After committing changes locally, you "push" them to the remote repository to share your changes with others and synchronize your local repository with the remote. It's an essential command for collaborative work in Git.


Many organizations have Quality Assurance (QA) teams, making sure everything is working as expected before the changes of your applications are exposed to your real users, minimizing any potential risks.


When Featurevisor SDKs are used asynchronously, we are delegating the responsibility of fetching the datafile to the SDK itself.

The fetching of datafile is an asynchronous task over the network. To know when Featurevisor SDK has successfully fetched the datafile, we rely on its readiness events.

Learn more about their usage here:


Featurevisor SDKs allow refreshing datafile content without having to restart or reload your whole application.

Learn more about refreshing here.


A repository, often abbreviated as "repo", is a storage location for software packages. It contains all files and directories associated with a project.

From Featurevisor's perspective, a single project is usually its own independent Git repository consisting of files which are defining various entities like attributes, segments, and features.


When we send Pull Requests, the idea is to get it reviewed by our peers who may either approve, reject, or request for more changes.


Each successful build of Featurevisor datafiles produce a new revision number. This is in integer format (a whole number with no decimal places), and is incremented by 1 from previous build's revision.

This revision number is present in all generated datafiles, so applications will know which revision they are using with provided SDKs.

Learn more about it:


Featurevisor supports defining certain features as dependencies for a particular feature.

Learn more about it here:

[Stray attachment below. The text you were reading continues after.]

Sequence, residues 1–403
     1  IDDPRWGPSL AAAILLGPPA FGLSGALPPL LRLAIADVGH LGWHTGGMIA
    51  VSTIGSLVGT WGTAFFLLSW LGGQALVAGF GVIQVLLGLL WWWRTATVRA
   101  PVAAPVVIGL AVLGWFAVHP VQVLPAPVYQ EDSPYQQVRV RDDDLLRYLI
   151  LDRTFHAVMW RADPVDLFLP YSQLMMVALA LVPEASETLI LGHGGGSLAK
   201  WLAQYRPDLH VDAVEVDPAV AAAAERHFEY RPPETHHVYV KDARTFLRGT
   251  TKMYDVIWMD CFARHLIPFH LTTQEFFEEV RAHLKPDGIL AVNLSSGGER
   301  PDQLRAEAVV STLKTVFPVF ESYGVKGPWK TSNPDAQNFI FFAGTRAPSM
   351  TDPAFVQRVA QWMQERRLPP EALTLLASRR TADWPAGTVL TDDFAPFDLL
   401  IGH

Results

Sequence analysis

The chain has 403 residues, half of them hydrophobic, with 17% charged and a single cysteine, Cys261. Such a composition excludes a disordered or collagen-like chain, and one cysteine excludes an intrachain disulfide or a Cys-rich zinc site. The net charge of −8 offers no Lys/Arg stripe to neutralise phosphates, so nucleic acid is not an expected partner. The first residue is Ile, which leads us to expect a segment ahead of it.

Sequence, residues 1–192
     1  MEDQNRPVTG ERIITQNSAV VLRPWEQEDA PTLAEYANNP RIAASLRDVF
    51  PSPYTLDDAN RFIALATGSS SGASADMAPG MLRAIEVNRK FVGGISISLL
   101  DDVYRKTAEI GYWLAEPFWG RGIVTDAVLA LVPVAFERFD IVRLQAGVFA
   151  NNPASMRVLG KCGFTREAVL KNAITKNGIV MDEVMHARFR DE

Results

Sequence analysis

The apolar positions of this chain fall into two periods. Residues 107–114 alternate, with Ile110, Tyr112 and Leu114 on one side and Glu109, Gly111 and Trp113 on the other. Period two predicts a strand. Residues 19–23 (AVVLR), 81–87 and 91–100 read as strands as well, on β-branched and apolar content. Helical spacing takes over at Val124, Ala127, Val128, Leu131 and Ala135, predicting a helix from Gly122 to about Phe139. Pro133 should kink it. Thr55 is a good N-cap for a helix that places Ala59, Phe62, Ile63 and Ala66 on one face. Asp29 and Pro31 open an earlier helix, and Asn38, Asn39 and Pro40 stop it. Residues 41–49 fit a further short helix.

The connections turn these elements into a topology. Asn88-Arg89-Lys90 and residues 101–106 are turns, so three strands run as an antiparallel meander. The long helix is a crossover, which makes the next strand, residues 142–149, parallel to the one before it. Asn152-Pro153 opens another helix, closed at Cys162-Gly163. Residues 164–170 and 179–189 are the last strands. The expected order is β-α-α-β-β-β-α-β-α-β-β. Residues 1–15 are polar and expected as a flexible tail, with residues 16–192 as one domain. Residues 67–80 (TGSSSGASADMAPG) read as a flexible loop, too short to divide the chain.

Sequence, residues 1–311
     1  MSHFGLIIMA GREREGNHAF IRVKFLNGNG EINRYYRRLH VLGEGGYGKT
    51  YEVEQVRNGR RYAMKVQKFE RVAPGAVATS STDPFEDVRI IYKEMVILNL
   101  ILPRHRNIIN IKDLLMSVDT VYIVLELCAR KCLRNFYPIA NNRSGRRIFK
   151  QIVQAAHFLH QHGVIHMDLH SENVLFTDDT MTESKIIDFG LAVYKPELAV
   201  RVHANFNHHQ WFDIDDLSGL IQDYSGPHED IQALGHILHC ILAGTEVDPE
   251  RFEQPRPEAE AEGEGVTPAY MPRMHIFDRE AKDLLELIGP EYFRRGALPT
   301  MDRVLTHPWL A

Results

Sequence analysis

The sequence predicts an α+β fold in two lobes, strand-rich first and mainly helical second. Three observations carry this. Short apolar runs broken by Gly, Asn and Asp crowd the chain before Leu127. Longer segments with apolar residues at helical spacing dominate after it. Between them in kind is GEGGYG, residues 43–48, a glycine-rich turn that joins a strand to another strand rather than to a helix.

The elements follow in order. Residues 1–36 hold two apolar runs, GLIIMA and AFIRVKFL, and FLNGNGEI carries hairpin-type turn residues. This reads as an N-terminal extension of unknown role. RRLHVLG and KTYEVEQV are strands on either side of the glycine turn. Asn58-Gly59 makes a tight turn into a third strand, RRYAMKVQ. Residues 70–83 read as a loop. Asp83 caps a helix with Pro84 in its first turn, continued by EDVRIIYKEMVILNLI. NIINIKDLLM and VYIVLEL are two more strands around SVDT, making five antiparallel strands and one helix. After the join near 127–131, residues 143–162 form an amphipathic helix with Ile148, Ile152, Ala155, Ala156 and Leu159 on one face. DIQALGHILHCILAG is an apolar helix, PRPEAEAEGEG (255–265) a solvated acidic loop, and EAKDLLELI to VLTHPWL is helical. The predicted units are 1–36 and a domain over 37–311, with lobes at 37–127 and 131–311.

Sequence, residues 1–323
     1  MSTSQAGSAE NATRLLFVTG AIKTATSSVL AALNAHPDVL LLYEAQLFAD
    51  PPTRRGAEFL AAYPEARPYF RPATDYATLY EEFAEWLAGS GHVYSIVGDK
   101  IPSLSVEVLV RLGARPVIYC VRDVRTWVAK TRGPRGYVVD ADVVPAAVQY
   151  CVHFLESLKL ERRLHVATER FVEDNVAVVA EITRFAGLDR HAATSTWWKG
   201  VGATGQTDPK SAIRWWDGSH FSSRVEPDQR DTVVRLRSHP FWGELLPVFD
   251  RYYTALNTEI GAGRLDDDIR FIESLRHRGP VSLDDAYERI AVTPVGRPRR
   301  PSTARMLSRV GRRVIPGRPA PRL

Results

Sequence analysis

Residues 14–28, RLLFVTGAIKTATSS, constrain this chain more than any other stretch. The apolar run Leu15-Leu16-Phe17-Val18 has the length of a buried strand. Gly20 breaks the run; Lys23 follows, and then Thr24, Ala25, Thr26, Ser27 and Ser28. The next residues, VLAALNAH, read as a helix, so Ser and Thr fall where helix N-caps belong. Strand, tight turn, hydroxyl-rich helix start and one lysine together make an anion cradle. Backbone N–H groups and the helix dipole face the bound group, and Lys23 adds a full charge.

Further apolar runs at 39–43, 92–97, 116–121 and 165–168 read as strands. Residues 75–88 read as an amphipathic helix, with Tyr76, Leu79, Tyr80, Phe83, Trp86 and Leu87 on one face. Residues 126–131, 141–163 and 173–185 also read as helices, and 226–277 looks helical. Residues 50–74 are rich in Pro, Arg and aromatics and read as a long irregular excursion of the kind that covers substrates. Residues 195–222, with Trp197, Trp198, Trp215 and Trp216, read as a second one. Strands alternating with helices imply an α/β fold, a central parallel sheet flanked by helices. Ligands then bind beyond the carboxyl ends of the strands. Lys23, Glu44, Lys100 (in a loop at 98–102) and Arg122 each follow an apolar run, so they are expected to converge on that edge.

Rollout rules are defined per environment for each individual features.

Learn more about rules here.


When variables are defined inside a feature, they must also provide their own schema to let Featurevisor know more about it.

Learn more about variables schema here.


SDK stands for Software Development Kit.

Featurevisor comes with SDKs in a few different programming languages. Their purpose is to fetch datafiles and evaluate values in your applications as you need them.


Segments are groups of conditions, which are then used in the rollout rules of your features.

Learn more about segments:


Featurevisor is also capable of generating a static read-only website based on all entity definitions as found in your project repository.

This generated site, once hosted, serves as a dashboard for your team and organization for understanding what's the latest state of configuration everywhere.

Learn more about it here.


When defining mutually exclusive experiments (think features in Featurevisor) in a group, each feature is put in a slot so they never overlap.

Learn more about usage of slots in groups here.


Similar to production, staging is a common environment in software engineering culture.

This environment is meant to serve for testing things out internally within the team, before deploying the changes to production where your real users are.

State files

Because there's no real database involved in Featurevisor, the tool uses Git for storing and keeping track of all traffic allocation information against rollout rules in features, and incremental revision numbers.

Learn more about them and their usage here:


A status check for a commit is a process in version control systems like Git, and platforms like GitHub, that verifies the commit against certain criteria before it's merged into the main branch.